What I Need to Know About Diarrhea

Diarrhea is frequent, loose and watery bowel movements. Stool contains what is left after your digestive system absorbs nutrients and fluids from what you eat and drink. If your body does not absorb the fluids, or if your digestive system produces extra fluids, stools will be loose and watery. Loose stools contain more water, salts and minerals and weigh more than solid stools. Diarrhea that last a short time is called acute diarrhea.  Acute diarrhea is a common problem and usually lasts only 1-2 days.  Diarrhea that lasts for at least 4 weeks is called chronic diarrhea.  In addition to loose stools, other possible symptoms include cramps, an urgent need to use the bathroom and loss of bowel control.

Causes of Diarrhea include:  Bacteria from contaminated food or water; viruses that cause illnesses, such as the flu; parasites, which are tiny organisms found in contaminated food or water; medicine such as antibiotics; problems digesting certain foods; diseases that affect the stomach, small intestine or colon, such as Crohn’s disease and problems with how the colon functions, caused by disorders such as irritable bowel syndrome. 

In order to diagnosis the cause of your diarrhea, your gastroenterologist will perform a physical exam, ask you about the medicines you are taking, test your stool or blood for bacteria, parasites or other signs of disease or infection. Your doctor may ask you to stop eating certain foods to see whether your diarrhea goes away.  If you have chronic diarrhea, your doctor may perform other tests to look for signs of disease.

Diarrhea is treated by replacing lost fluids, salts and minerals to prevent dehydration.  Taking medicine to stop diarrhea can be helpful in some cases. Medicines you can buy over the counter without a prescription include Imodium, Pepto-Bismol and Kaopectate. Stop taking these medicines if symptoms get worse or if the diarrhea lasts more than 2 days.  If you have bloody diarrhea, you should not use over-the –counter medicines.  These medicines may make the diarrhea last longer. Your Gastroenterologist will usually prescribe antibiotics instead.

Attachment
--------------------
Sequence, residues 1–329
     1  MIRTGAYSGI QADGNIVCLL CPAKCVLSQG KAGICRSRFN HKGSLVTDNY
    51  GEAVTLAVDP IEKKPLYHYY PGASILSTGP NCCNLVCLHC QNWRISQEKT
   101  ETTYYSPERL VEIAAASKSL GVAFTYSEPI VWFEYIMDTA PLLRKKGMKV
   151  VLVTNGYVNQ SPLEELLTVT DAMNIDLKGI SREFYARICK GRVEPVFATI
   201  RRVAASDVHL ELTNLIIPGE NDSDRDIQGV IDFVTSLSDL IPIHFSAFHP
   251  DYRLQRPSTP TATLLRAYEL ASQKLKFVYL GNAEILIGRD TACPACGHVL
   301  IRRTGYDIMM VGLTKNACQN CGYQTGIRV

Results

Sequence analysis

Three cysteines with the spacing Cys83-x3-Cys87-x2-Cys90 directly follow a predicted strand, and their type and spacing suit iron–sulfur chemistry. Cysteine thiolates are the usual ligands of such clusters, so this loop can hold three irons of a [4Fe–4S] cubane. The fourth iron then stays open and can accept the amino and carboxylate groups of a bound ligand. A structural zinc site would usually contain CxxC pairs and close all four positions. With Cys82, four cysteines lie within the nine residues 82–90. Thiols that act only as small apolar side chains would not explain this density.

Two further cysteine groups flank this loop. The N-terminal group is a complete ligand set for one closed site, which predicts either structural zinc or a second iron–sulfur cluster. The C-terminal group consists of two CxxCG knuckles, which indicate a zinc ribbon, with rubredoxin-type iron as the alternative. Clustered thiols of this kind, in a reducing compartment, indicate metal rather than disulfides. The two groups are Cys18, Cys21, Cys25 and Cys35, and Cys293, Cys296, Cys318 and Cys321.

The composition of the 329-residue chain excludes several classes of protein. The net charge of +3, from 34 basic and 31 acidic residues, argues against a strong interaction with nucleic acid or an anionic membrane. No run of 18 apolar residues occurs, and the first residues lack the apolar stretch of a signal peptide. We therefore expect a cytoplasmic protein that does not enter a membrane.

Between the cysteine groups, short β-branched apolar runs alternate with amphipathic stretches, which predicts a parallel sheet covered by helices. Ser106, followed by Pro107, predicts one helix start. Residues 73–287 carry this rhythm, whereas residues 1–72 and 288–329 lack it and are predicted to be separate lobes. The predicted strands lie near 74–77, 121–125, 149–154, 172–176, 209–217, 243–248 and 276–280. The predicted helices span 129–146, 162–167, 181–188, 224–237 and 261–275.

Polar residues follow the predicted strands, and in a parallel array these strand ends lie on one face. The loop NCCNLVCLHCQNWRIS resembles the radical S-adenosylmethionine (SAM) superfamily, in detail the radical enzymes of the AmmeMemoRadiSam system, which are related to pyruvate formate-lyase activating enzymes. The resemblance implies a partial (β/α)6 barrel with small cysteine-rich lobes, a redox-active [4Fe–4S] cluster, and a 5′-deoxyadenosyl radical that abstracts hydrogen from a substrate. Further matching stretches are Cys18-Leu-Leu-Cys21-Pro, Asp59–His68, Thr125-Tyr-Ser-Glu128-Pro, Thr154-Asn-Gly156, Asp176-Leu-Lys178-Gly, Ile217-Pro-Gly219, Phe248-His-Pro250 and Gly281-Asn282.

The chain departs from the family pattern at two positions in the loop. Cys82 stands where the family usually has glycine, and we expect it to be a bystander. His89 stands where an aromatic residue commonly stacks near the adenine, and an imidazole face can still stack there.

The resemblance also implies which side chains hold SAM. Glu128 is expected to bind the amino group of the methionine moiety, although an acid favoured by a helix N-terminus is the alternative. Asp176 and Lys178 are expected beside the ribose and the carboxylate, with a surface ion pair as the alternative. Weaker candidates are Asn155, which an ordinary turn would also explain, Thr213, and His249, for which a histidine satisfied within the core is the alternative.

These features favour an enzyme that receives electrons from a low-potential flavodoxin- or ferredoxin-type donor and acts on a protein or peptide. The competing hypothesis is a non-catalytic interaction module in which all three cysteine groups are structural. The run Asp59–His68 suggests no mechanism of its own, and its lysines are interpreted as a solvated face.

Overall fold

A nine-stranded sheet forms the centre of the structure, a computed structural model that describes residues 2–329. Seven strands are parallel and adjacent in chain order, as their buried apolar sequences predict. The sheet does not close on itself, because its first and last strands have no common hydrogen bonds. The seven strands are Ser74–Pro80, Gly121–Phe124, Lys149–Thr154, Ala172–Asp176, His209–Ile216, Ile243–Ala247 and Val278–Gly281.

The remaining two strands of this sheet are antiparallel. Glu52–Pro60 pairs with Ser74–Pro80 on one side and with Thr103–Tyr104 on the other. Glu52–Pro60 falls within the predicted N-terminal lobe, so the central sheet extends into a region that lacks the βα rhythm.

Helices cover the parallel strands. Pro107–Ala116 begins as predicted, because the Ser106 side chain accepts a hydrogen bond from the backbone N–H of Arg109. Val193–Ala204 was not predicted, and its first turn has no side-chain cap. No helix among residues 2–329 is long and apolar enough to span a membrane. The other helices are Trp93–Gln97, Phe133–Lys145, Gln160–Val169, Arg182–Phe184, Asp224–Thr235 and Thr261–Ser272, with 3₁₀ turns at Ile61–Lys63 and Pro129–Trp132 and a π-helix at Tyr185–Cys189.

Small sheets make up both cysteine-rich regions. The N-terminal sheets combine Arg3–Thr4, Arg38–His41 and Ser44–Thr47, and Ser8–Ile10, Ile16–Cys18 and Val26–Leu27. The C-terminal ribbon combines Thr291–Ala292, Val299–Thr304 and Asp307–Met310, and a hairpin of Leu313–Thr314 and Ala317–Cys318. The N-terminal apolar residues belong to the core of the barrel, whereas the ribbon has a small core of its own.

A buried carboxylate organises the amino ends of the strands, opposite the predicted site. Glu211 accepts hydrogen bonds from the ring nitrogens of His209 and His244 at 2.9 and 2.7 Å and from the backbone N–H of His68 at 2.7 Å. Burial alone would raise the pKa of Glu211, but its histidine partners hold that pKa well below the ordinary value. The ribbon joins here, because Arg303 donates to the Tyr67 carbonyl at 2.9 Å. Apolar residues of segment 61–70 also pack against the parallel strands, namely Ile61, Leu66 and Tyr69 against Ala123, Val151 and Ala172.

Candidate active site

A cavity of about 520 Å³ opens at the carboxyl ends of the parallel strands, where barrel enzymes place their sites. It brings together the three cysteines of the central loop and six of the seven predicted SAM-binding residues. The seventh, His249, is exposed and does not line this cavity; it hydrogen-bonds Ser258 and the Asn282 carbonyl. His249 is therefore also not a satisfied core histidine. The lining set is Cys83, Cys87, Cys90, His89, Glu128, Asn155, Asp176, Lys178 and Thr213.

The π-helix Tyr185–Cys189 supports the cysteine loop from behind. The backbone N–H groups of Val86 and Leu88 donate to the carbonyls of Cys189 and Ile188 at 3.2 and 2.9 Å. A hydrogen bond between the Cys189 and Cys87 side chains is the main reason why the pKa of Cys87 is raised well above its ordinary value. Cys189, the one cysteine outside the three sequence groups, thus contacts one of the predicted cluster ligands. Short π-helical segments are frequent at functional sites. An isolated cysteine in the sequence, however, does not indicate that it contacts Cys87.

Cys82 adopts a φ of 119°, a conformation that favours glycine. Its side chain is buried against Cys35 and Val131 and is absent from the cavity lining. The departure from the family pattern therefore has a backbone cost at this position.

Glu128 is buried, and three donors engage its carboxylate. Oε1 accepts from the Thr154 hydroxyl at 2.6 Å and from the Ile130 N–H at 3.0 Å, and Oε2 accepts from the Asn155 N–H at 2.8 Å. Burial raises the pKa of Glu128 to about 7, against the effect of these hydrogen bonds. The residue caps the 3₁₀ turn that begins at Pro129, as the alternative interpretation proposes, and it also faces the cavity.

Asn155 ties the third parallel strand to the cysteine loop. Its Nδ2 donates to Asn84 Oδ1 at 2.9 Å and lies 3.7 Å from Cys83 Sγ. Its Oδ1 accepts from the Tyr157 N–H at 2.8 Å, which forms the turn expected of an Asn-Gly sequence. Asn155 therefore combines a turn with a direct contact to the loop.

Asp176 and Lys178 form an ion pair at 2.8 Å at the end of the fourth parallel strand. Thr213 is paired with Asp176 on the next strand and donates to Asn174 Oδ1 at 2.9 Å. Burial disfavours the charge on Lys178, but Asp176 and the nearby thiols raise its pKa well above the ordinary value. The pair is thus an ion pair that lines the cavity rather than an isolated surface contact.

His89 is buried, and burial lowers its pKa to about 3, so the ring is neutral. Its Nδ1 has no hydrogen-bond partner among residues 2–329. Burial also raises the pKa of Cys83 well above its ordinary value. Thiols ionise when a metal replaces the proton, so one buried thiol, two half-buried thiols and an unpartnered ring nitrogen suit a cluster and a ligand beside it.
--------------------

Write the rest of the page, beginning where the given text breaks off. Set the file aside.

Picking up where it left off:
If you have diarrhea, you should eat soft, bland foods such as bananas, plain rice, boiled potatoes, toast, crackers, cooked carrots, baked chicken without the skin or fat.  In order to prevent dehydration, it is important to drink plenty of water, fruit juices, sports drinks, soda without caffeine and salty broths. Sometimes eating yogurt with active live bacterial cultures may help you feel better faster.

Traveler’s diarrhea is preventable.  It is caused by eating food or drinking water that contains harmful bacteria, viruses or parasites. You can prevent traveler’s diarrhea by being careful.  Do not drink tap water or use it to brush your teeth. Do not eat or drink unpasteurized milk or milk products. Do not eat raw fruits or vegetables, unless they can be peeled and you peel them yourself. Do not eat raw or rare meat or fish. Do not eat meat or shellfish that is not hot when served to you; and lastly do not eat food sold by street vendors.  In some cases taking antibiotics before traveling can prevent traveler’s diarrhea.